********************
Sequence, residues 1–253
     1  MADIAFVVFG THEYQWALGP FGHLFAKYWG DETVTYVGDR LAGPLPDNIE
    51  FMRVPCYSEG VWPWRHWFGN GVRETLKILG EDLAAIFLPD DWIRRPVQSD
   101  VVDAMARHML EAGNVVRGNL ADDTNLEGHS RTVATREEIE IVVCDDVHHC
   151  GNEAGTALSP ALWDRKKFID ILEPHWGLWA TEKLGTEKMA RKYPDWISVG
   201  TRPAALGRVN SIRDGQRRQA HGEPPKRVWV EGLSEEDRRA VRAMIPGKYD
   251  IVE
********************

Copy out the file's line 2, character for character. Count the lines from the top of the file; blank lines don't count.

     1  MADIAFVVFG THEYQWALGP FGHLFAKYWG DETVTYVGDR LAGPLPDNIE